Six months later, General Samuel Sumner recommended Colonel Roosevelt for the Medal of Honor “as a reward for conspicuous gallantry,” noting that Roosevelt did not just order a charge, he led it (twice). The Secretary of War rejected the request. Why? A month after the fighting ended, Roosevelt’s unit still sat in Cuba, suffering from malaria, waiting for the Army to transport them home. Roosevelt reported that of the 600 troops with whom he landed, over half were dead or sick in the hospital. At a meeting of division and brigade commanders in Santiago, including all the chief medical officers, the unanimous opinion was that instead of remaining in mosquito- infested Cuba indefinitely to be destroyed by malaria, the army had to be brought home immediately. They agreed that a report needed to be written, addressed to General William Rufus Shafter.

None of the regular officers dared to risk their careers by writing such a report, so Roosevelt volunteered to be the author. He would also write a letter to be circulated in round-robin fashion, for the signatures of all Shafter’s field commanders. Roosevelt loaded the report (dated August 3, 1898), with blunt language. Estimating at least 1,500 cases of malarial fever, he wrote: “The whole command is so weakened and shattered as to be ripe for dying like rotten sheep,” adding that the men would rather face Spanish bullets than death from malaria. “This army must be moved at once, or perish.” In the end, it was agreed that only Roosevelt’s name would be affixed to the report. The cover letter was signed by seven commanders including Roosevelt.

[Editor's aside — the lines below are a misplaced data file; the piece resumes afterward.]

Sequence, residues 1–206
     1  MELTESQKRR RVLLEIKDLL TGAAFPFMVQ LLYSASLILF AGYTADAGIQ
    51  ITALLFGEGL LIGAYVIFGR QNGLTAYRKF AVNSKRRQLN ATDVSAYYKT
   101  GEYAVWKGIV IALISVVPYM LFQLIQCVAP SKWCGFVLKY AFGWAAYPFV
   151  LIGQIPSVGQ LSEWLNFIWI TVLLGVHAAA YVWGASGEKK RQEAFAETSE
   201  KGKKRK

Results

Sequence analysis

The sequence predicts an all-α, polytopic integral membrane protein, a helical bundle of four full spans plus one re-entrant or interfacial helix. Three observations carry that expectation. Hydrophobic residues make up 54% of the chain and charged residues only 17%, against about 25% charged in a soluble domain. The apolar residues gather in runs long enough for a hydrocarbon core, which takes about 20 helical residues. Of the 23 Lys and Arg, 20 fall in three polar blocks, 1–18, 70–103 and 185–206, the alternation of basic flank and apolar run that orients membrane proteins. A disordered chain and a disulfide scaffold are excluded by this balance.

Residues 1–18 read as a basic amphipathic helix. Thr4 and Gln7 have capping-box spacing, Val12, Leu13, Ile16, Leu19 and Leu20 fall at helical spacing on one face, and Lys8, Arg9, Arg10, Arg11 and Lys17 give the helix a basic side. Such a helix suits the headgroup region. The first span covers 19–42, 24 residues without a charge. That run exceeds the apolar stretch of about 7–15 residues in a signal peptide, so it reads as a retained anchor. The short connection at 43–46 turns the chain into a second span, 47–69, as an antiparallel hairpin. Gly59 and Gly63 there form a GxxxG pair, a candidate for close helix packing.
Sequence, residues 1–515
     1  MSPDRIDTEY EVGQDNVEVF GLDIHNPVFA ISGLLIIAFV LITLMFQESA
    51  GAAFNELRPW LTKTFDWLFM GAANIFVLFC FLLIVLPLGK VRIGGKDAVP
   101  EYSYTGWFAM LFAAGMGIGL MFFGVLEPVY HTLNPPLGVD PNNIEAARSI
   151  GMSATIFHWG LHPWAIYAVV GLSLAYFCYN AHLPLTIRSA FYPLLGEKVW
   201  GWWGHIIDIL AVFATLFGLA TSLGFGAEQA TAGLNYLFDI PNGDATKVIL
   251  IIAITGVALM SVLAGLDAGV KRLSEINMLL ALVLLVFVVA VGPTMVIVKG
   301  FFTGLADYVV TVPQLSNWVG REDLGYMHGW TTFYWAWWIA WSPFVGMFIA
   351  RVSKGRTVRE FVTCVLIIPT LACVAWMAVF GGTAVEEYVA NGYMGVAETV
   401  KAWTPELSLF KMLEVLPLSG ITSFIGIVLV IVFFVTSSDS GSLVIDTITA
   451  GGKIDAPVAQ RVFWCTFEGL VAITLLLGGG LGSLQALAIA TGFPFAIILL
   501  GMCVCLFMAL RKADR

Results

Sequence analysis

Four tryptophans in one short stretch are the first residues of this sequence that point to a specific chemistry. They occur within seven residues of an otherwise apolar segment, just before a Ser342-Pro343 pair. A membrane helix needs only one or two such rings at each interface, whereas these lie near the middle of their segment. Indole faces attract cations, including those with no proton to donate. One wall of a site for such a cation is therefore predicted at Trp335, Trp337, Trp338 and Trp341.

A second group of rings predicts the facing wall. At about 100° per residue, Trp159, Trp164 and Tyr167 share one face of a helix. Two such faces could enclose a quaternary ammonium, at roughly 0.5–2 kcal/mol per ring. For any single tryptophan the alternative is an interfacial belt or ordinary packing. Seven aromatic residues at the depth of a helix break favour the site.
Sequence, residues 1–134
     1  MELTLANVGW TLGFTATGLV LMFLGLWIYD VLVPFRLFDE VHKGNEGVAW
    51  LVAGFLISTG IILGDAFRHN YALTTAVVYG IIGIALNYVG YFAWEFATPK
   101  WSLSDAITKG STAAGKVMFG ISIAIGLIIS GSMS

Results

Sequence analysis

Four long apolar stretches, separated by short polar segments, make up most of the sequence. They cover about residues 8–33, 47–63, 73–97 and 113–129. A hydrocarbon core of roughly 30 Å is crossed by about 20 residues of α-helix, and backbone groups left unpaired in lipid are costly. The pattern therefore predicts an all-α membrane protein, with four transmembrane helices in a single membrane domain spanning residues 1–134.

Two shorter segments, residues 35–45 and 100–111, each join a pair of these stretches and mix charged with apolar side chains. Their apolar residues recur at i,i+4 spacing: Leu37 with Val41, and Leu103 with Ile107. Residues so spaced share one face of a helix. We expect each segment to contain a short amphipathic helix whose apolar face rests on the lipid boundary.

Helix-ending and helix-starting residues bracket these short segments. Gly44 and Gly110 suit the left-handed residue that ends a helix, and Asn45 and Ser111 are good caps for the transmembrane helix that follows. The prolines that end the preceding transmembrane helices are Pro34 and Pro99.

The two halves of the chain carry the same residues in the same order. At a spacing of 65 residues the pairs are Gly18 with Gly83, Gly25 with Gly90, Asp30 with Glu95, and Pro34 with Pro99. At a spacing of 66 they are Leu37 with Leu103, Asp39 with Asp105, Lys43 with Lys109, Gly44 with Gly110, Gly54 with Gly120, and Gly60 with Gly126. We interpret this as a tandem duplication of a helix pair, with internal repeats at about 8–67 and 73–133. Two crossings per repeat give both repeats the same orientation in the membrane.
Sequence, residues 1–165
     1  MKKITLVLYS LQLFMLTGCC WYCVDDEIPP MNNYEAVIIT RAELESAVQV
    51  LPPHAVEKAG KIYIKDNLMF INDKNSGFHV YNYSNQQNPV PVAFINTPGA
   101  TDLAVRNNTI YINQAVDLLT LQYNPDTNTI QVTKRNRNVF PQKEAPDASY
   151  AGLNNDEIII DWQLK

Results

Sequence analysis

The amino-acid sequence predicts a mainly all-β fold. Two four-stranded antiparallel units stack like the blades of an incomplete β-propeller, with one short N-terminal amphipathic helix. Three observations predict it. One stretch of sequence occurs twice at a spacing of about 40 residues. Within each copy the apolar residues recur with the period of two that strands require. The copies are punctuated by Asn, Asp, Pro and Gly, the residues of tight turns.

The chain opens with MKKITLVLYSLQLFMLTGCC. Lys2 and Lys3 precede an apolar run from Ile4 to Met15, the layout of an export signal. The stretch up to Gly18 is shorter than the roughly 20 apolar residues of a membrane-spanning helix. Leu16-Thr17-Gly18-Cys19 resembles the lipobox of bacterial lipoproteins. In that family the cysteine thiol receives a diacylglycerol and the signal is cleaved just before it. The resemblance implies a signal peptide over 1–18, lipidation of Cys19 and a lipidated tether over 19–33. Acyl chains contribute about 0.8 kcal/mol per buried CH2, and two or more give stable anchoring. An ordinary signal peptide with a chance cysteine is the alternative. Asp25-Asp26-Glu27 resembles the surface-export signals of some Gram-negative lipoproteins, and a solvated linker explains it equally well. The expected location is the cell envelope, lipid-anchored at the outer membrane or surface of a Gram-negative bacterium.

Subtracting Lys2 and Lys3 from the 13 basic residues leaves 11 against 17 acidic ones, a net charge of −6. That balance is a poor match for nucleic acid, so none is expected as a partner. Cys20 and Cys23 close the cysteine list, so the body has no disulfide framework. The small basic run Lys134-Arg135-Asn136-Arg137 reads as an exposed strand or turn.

General Shafter refused to accept the letter, brushing aside Roosevelt’s hand and shoving the documents toward a correspondent for the Associate Press who had been invited by Roosevelt to witness and report on the meeting. (This was Roosevelt’s mistake.) The reporter’s story, complete with documents, appeared in newspapers a few days later. When the newspaper carrying the story reached President William McKinley and Secretary of War R. A. Alger, they were furious.